[QODLink]
Middle East

PLO asserts commitment to talks with Israel

Palestine's signing of international conventions casts shadow on peace talks' future, as Kerry cancels Ramallah visit.

Last updated: 02 Apr 2014 19:09
Email Article
Print Article
Share article
Send Feedback

The Palestinian Liberation Organisation (PLO) has said its decision to seek membership to several UN organisations should not mean an end to US-brokered peace talks with Israel, where officials have warned of hefty prices to be paid for the move.

The PLO's director general Yasser Abed Rabbo said on Wednesday that Palestinians were committed to negotiations, and that there was no link between the move to become signatory to the 15 international conventions and a return to the negotiating table with Israel.

We will continue our efforts with the US administration, and will do everything we can to remove all obstacles.

Yasser Abed, PLO director general

"The Palestinian leadership respects its commitments and wants the political process to continue, but we want a real political process, without tricks," Abed Rabbo said. "We will continue our efforts with the US administration, and will do everything we can to remove all obstacles."

His comments to the media come a day after the Palestinian Authority (PA) President Mahmoud Abbas said Palestine had begun steps to become party to 15 international conventions, leading to speculation that peace talks with the Israelis were dead.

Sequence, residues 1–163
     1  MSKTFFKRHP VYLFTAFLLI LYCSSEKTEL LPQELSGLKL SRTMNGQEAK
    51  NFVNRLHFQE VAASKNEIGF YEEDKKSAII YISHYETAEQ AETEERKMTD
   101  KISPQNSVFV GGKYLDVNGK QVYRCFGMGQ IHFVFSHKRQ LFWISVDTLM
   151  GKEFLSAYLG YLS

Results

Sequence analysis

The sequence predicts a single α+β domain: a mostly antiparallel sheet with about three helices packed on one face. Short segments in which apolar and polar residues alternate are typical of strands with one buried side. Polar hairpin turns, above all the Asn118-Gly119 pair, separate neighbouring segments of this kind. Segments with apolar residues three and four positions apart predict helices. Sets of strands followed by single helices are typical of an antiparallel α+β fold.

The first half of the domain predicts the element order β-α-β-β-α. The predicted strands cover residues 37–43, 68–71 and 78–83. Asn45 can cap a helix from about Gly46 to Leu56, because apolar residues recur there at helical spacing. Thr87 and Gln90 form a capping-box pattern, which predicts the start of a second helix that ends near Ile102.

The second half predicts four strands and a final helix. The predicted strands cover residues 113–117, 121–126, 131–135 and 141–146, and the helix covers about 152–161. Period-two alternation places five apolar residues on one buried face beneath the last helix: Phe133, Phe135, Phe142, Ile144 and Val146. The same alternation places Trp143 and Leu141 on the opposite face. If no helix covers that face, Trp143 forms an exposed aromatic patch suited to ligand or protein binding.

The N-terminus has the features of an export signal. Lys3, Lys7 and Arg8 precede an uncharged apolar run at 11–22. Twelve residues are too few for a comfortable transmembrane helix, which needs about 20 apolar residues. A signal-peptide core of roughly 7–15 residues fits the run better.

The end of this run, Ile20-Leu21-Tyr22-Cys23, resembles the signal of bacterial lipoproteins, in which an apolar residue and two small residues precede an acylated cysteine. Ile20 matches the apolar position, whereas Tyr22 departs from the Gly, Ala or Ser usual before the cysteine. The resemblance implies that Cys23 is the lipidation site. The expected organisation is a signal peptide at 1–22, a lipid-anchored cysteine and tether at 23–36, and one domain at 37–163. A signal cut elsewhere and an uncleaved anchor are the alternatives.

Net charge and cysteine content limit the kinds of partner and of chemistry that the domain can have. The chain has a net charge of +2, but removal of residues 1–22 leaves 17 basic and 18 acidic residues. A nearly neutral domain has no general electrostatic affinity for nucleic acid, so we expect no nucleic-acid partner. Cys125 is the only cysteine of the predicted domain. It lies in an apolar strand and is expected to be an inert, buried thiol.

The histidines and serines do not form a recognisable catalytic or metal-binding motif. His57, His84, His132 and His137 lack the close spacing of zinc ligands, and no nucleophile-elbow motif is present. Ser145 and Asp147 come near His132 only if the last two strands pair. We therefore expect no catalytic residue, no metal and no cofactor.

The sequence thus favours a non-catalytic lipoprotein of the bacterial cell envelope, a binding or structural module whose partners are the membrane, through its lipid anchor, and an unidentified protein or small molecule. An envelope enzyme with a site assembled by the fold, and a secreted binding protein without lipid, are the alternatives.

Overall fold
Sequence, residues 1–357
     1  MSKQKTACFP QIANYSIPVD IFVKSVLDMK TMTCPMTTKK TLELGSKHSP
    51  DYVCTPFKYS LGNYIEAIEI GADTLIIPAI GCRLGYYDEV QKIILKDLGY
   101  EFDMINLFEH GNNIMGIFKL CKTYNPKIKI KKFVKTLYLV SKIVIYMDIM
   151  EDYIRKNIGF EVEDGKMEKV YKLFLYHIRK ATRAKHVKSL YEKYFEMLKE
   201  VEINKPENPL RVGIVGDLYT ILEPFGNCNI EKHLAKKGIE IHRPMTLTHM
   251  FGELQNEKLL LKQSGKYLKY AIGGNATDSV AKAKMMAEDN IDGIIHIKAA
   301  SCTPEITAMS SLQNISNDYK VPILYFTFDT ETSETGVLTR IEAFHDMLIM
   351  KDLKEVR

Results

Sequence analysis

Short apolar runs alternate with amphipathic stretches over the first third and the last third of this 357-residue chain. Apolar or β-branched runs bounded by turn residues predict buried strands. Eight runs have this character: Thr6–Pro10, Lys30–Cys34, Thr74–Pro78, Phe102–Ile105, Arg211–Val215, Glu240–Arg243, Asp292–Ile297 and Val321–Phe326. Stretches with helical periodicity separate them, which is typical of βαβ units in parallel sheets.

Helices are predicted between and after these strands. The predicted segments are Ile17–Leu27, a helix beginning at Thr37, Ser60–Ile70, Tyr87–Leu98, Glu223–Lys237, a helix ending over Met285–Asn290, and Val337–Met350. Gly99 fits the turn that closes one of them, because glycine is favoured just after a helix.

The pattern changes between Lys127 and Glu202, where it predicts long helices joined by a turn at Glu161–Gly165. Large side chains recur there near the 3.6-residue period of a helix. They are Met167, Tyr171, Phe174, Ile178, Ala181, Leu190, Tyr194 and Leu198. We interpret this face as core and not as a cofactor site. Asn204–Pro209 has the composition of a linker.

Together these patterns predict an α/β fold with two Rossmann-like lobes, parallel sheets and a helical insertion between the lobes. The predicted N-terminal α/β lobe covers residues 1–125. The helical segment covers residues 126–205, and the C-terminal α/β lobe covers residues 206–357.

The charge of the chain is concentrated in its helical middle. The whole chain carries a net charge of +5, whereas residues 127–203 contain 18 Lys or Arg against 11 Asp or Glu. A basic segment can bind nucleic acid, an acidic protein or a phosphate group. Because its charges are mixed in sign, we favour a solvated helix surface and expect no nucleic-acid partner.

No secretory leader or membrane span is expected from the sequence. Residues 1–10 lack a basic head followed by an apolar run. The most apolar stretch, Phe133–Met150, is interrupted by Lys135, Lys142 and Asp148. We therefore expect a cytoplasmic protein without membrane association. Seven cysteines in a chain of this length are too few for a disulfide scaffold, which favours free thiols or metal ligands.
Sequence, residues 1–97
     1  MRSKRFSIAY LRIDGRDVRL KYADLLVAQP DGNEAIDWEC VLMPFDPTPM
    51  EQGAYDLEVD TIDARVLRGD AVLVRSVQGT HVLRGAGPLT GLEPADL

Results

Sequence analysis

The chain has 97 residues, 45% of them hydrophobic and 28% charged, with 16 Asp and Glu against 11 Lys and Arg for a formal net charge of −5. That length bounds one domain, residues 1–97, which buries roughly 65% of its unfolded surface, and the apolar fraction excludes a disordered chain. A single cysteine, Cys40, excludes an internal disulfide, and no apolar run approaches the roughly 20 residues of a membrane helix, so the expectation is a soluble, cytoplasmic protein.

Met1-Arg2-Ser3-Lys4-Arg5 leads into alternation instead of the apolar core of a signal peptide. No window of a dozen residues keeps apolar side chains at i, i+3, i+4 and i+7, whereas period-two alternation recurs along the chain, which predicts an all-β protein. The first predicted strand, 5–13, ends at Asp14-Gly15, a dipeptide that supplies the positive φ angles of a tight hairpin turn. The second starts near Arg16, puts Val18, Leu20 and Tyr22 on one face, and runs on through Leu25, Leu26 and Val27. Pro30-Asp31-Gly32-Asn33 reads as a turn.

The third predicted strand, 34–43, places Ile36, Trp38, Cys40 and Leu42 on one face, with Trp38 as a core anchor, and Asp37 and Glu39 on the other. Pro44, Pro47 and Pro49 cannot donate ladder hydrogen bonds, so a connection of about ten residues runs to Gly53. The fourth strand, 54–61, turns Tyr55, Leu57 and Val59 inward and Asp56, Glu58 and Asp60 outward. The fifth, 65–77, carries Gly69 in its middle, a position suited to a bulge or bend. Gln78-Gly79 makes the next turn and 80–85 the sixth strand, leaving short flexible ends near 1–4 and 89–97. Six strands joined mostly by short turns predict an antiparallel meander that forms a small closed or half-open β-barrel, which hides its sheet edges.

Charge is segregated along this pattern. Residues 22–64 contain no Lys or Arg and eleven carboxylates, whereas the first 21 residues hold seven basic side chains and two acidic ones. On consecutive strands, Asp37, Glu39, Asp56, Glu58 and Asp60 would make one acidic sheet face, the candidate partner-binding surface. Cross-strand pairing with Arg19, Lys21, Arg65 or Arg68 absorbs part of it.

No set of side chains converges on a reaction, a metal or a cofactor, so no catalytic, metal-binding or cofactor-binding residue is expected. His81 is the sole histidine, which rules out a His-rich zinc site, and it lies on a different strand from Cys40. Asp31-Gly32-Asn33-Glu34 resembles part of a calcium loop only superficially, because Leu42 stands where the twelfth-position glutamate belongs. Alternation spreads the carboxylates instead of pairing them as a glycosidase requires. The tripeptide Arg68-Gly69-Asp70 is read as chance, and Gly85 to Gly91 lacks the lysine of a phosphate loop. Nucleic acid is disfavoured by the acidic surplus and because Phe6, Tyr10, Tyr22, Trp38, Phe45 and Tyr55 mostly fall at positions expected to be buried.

The Palestinians want US efforts to salvage the peace process to continue, Abed Rabbo clarified. "We hope (US Secretary of State John) Kerry's efforts will be renewed in the coming days," he told reporters in Ramallah. "Kerry knows the reality. We don't want these efforts to finish."

The PLO  is the highest representative body for Palestinians worldwide. The PA was created for a provisional period to manage the territories Israel withdraws from in accordance with the Oslo Accords signed between the PLO and Israel in 1993. 

'Little choice'

Abed Rabbo said Israel's failure to release the last batch of pre-Oslo detainees left the Palestinians with little choice but to turn to international bodies, adding that the Palestinian move did not constitute a breach of the terms of the agreement which brought about a resumption of peace talks in July 2013.

"The Palestinian administration only offered to put their international organisation memberships on hold for nine months in exchange for the prisoner release," he said.

In a statement released on Wednesday, the PLO said "the release of prisoners was not formally linked to the negotiations process," and that the move to turn to international organisations "does not mean that [the] negotiations process is over. Indeed, the PLO remains committed to this nine month process, which ends on April 29."

Israel had pledged to free 104 veteran Palestinian prisoners in four tranches, and in exchange, Ramallah had pledged to freeze all moves to seek membership in UN organisations until April 2014. But a crisis erupted at the weekend when Israel refused to release the final 26 prisoners, prompting a Palestinian response of resuming their approach to international agencies.